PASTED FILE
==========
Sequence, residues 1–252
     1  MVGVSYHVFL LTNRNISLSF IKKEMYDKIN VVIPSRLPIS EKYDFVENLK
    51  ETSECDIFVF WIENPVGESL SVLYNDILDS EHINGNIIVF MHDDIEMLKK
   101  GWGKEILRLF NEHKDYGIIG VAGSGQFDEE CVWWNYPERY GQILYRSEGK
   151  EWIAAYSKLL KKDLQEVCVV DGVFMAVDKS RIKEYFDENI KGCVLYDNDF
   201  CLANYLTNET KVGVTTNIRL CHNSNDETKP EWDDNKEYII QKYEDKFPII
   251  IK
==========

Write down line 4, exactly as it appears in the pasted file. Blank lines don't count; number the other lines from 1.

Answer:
   101  GWGKEILRLF NEHKDYGIIG VAGSGQFDEE CVWWNYPERY GQILYRSEGK